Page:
The COVID-19 pandemic has caused telehealth to become a bigger economic development concern among local areas. That’s one of the key findings of new research by broadband industry analyst Craig Settles.
According to Settles’ Broadband, Local Economies, & the Age of Covid survey -- which polled 200 professionals from economic development departments within local and state governments and economic development agencies across the United States – 40% of respondents indicated that telehealth can have a “measurable impact” on their local economy in terms of attracting medical professionals and reducing unnecessary ER visits.
When the same survey was conducted two years ago (in 2019), only about 25% of respondents said the same about telehealth’s potential impact on the medical workforce and ER visits.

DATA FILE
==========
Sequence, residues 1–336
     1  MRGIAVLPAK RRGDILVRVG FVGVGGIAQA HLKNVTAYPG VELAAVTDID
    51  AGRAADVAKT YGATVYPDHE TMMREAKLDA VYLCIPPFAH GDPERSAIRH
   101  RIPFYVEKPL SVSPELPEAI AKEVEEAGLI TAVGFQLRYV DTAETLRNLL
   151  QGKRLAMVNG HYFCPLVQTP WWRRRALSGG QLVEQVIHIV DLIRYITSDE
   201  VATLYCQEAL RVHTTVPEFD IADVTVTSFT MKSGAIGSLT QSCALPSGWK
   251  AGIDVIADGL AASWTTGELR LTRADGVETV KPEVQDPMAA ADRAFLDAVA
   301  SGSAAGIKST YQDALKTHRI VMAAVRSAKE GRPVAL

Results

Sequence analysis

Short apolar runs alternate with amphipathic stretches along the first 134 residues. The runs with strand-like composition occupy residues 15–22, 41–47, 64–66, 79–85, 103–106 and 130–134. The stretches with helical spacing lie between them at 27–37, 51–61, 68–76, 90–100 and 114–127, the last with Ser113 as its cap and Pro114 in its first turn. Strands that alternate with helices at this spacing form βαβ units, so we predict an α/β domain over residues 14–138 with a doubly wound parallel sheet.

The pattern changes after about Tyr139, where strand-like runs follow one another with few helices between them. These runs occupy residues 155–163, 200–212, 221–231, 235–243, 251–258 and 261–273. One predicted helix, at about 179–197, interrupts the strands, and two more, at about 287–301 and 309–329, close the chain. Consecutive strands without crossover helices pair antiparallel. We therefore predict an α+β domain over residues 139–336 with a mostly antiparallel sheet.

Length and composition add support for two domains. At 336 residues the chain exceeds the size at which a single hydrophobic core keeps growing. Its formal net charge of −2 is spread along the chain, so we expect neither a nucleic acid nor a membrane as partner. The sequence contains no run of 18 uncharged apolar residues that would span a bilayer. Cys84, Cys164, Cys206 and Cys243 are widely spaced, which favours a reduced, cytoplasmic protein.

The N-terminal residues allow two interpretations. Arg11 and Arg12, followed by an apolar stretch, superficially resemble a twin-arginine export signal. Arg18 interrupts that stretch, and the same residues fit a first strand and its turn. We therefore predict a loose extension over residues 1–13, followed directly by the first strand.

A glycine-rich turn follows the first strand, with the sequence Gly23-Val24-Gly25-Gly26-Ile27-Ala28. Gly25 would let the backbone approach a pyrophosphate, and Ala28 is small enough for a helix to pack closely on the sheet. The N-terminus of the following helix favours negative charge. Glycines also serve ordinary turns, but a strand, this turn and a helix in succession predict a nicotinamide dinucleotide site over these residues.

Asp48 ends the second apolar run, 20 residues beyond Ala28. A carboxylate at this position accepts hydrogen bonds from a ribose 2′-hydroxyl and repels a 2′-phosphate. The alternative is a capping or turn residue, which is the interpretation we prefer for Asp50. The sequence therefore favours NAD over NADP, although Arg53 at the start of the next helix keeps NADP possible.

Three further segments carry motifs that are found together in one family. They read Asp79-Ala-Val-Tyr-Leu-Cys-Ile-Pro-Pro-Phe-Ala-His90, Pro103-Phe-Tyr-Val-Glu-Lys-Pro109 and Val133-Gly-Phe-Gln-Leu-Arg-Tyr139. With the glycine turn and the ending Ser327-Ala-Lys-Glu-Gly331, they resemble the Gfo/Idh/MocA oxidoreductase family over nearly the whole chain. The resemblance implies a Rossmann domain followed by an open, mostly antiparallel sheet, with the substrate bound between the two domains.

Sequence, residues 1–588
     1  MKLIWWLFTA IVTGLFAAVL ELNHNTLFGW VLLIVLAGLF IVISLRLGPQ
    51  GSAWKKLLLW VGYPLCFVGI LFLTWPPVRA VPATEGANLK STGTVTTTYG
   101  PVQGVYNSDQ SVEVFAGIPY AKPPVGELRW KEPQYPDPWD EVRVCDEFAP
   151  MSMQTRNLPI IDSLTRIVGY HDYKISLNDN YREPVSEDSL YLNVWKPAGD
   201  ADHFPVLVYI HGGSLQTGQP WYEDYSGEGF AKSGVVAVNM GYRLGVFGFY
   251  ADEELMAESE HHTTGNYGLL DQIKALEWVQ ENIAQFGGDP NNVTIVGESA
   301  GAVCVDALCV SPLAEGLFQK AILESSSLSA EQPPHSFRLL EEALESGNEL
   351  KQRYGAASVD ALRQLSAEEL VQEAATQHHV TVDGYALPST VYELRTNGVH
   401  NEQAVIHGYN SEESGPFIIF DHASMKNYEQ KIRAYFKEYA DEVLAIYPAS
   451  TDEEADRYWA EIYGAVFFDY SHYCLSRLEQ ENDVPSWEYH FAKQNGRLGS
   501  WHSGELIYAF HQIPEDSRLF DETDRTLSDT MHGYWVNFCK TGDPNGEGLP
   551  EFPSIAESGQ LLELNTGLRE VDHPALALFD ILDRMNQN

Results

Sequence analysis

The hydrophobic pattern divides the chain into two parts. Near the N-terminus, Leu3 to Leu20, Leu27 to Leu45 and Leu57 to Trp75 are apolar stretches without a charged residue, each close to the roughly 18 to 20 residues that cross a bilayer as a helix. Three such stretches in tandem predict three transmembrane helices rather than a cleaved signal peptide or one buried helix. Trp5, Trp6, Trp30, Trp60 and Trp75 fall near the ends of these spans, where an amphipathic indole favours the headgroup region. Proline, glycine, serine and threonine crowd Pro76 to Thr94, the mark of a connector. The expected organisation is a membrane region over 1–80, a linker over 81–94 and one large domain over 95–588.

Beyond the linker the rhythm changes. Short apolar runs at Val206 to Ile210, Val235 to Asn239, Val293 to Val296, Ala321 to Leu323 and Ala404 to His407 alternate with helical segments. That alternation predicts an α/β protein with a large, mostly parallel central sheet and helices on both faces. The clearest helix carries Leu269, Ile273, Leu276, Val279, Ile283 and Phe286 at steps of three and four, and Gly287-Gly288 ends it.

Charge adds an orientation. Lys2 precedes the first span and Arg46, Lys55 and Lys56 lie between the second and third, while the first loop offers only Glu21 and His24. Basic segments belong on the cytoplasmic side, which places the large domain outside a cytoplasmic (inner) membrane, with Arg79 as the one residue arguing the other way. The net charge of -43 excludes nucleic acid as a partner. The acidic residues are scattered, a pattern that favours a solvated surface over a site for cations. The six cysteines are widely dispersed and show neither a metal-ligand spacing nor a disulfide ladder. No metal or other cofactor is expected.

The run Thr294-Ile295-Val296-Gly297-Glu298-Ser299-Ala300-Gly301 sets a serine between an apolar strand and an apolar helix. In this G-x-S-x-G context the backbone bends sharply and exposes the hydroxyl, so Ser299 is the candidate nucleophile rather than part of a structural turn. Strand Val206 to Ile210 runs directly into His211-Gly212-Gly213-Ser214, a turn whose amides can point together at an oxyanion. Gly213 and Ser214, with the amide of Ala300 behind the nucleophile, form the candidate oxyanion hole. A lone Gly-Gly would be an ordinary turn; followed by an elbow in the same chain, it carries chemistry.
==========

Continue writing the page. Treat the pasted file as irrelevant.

Moreover, more respondents this year said telehealth can help more mental health services remain local, as well as keep senior citizens living at home longer.
Settles says these findings suggest there is money to be made and saved by boosting telehealth capabilities. Specifically, he sees a lot of potential value in local telehealth radiology programs, citing the $1.8 million saved over 10 years by a radiology practice in Chattanooga, Tennessee.
“There are serious dollars and cents to be had if you can do this locally, because people don’t have to go all the way to China to get their X-rays, all the various MRIs and so forth,” Settles said. “The forward-thinking communities, especially if they’re a rural area, I would look at starting a radiology practice because there’s money to be made there locally. Obviously, you can’t do this without broadband, but if you’re one of these cities building the network, that should be a main consideration for revenue.”